Hyldahl and colleagues recently reported on a small group of healthy, nonarthritic recreational runners in which they measured synovial fluid in serum concentrations of several cytokine and chemokine concentrations after resting and running conditions. The measurements were taken before and after a 30-minute session of resting and a 30-minute session of running in a randomized fashion. The authors identified decreases in synovial fluid granulocyte macrophage colony-stimulating factor (GM-CSF) after exercise and a trend in decreasing concentrations of interleukin (IL)-15. Despite finding a decrease in two pro-inflammatory cytokines, the authors did not detect decreases in several of the more potent cytokines, including IL-1, IL-6 and IL-8. Each of these are known to induce the vigorous release of cartilage degrading matrix-metalloproteinases (MMPs) in cartilage and meniscus cells, as shown by Stone and colleagues and Loeser and colleagues. The small sample size likely also limited their ability to detect changes.

    The authors identified an important early step in examining the chondroprotection of running. Serum COMP levels did increase; however, the significance of this early timepoint is unclear. Erhart-Hledik and colleagues identified that COMP levels immediately following activity did not correlate with cartilage thinning in OA subjects, but serum levels 3.5 hours after activity demonstrated a significant negative correlation with cartilage thickness at 5 years. In a contrasting study by Celik and colleagues, serum COMP levels demonstrated a smaller increase after a mechanical stimulus in individuals who are runners compared to cyclists or swimmers. The significance of comp levels and the potential protective effects of exercise for osteoarthritis remain a great interest, and this small pilot study provides a good foundation for future, larger investigations into the protective effects of exercise.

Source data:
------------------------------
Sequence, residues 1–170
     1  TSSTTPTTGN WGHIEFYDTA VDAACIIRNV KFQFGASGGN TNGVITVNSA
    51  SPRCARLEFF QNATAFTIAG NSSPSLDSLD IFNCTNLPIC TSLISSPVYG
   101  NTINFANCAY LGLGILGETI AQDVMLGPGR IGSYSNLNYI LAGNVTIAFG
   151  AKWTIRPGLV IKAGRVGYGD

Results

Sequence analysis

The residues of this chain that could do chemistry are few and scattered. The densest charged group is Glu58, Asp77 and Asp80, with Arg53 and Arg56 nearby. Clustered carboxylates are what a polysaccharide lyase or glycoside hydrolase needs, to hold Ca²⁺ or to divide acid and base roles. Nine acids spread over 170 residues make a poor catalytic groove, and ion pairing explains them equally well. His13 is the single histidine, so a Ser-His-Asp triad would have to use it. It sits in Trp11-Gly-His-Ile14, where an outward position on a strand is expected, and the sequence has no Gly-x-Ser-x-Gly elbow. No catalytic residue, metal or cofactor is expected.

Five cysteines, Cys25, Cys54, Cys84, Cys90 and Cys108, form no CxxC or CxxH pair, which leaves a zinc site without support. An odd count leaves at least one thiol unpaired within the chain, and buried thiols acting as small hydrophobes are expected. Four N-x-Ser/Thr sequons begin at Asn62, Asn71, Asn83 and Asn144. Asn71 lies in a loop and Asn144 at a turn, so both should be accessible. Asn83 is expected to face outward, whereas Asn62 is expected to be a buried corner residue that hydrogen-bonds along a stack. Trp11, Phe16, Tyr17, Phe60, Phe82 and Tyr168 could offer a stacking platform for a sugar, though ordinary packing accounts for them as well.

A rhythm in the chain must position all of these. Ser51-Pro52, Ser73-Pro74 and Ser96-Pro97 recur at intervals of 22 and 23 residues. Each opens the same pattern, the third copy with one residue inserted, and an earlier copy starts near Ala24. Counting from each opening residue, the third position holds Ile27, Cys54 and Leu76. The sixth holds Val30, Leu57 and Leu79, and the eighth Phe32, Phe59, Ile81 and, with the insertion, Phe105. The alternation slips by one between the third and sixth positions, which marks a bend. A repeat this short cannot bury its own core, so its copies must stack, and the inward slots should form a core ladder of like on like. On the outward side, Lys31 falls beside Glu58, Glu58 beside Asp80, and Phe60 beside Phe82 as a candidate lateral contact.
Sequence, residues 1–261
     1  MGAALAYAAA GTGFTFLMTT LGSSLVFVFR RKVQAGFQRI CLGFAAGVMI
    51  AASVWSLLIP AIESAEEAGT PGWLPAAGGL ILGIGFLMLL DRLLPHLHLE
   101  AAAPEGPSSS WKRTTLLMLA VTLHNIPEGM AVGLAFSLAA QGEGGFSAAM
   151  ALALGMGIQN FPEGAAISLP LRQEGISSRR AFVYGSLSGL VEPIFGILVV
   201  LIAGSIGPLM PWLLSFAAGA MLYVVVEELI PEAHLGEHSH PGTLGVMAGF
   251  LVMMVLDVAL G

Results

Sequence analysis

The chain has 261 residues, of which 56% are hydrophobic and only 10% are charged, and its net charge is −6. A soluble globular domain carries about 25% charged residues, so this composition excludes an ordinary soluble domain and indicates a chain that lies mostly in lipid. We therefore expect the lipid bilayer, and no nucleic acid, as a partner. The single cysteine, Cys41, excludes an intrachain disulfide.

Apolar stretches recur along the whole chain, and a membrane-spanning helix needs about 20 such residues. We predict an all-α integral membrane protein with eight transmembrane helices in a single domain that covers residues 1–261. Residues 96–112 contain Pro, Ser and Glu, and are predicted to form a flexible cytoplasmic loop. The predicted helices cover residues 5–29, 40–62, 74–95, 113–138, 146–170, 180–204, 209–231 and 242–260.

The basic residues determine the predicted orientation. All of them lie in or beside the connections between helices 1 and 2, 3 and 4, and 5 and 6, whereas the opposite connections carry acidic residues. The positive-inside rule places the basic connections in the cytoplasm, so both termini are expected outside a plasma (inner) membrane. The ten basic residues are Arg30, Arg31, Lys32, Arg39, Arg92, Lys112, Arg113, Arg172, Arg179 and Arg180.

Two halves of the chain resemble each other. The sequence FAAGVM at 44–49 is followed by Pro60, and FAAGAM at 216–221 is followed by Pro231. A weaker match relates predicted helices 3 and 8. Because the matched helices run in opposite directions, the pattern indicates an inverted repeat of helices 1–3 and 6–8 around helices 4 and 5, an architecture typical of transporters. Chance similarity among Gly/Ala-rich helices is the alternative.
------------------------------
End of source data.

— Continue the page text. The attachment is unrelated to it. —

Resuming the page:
References:

    Celik O, et al. Knee. 2013;doi:10.1016/j.knee.2012.06.001.

    Erhart-Hledik JC, et al. Osteoarthritis Cartilage. 2012;doi:10.1016/j.joca.2012.07.018.

    Loeser RF, et al. Arthritis Rheum. 2012;doi:10.1002/art.34453.

    Stone AV, et al. Osteoarthritis Cartilage. 2014;doi:10.1016/j.joca.2013.11.002.

    Stone AV, et al. Osteoarthritis Cartilage. 2015;doi:10.1016/j.joca.2015.05.020.

    • Austin V. Stone , MD, PhD
    • Wake Forest School of Medicine Winston-Salem, N.C.

    Disclosures: Stone reports no relevant financial disclosures.